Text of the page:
“What happens at the Savannah River Site will not remain there. In fact, the environmental pollution will find its way into the watershed that travels to the coast. This is the same coastal area that we are working to protect via 30 x 30 and resiliency planning in South Carolina. So, it is antithetical to that effort and counterproductive to seek to restore and protect one area of South Carolina while allowing an environmentally harmful project such as this to go forth in another area,” Queen Quet, founder of the Gullah/Geechee Sea Island Coalition, said. “The lack of PEIS that allows all people an opportunity to comment on the actual impacts to our cultural communities shows that there has been no informed consent granted by those whose land, waterways, health and overall quality of life will be negatively impacted by these plutonium pits being created. What is use of making land more resilient if you harm the health of the people? We need to invest in the sustainability of cultural heritage communities such as the Gullah/Geechee Nation by sustaining the environmental health of the Carolinas. We are already battling for that. We do not need this battle to compound the war of environmental injustice!”

Jay Coghlan, director of Nuclear Watch New Mexico, commented, “The government has yet to explain to American taxpayers why it will spend more than $50 billion to build new plutonium pit bomb cores for new-design nuclear weapons when we already have thousands of existing pits proven to be reliable for a century or more. This has nothing to do with maintaining the safety and reliability of the existing stockpile and everything to do with building up a new nuclear arms race that will threaten the entire world.”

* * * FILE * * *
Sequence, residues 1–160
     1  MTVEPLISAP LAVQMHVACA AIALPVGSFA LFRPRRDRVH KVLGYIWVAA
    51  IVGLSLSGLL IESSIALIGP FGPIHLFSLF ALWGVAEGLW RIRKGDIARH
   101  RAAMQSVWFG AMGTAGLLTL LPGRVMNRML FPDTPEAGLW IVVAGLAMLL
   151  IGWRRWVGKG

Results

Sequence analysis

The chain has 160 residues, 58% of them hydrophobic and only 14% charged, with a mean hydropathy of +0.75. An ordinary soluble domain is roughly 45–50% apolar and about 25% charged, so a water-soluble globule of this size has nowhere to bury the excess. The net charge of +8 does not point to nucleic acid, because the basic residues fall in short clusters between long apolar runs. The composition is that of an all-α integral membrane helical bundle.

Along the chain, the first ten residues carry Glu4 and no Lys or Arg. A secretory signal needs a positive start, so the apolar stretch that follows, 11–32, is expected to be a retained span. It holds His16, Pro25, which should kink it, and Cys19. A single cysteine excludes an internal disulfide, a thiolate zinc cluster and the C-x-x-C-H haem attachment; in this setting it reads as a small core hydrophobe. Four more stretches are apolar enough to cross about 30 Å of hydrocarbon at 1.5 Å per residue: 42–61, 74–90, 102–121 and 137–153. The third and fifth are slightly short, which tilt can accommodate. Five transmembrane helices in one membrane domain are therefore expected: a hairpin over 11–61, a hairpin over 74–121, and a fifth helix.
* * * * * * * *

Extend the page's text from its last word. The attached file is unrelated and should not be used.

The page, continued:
Unanalyzed impacts of pit production would involve numerous sites across the country, including the Waste Isolation Pilot Plant in New Mexico, the Pantex Plant in Texas, the Y-12 National Security Complex in Tennessee and the Kansas City Plant.

The new plutonium pits are first intended for the W87-1, a new nuclear warhead under development at Lawrence Livermore National Laboratory (LLNL) in California and slated for the new Ground Based Strategic Deterrent missile.

Marylia Kelley, executive director of Livermore-based Tri-Valley CAREs stated, “My organization has obtained government documents disclosing that expanded pit production will introduce new plutonium dangers in my community – and the NNSA’s failure to produce a program wide review leaves those risks unexamined and unmitigated. We have proof that plutonium will be sent through multiple states to Livermore for ‘materials testing’ in support of pit production. Initial funding for new plutonium gloveboxes at LLNL is in the FY22 budget request. Moreover, the government has left unexamined the relationship between the W87-1 under development at LLNL and the elective decision to change the pit design in this warhead.”

Kelley concluded, “We have a right to know what risks our community is being asked to bear. That right is central to NEPA, and the government has no leave to ignore it. I am confident that the Court will reject the government’s specious claims.”


Link to full release, contact information.

The South Carolina Environmental Law Project uses its legal expertise to protect land, water, and communities across South Carolina. Savannah River Site Watch, based in Columbia, SC, monitors DOE activities at SRS. Nuclear Watch New Mexico, based in Santa Fe, New Mexico, focuses on nuclear weapons activities at the Los Alamos National Laboratory. Tri-Valley Communities Against a Radioactive Environment (CAREs), located in Livermore, California, monitors the Lawrence Livermore National Laboratory, a key nuclear-weapons-design facility. The Gullah/Geechee Sea Island Coalition operates in accordance with the mission of the Gullah/Geechee Nation and spans from North Carolina to northern Florida and receives the downward flow of the Savannah River.

Tom Clements
Savannah River Site Watch
+1 803-834-3084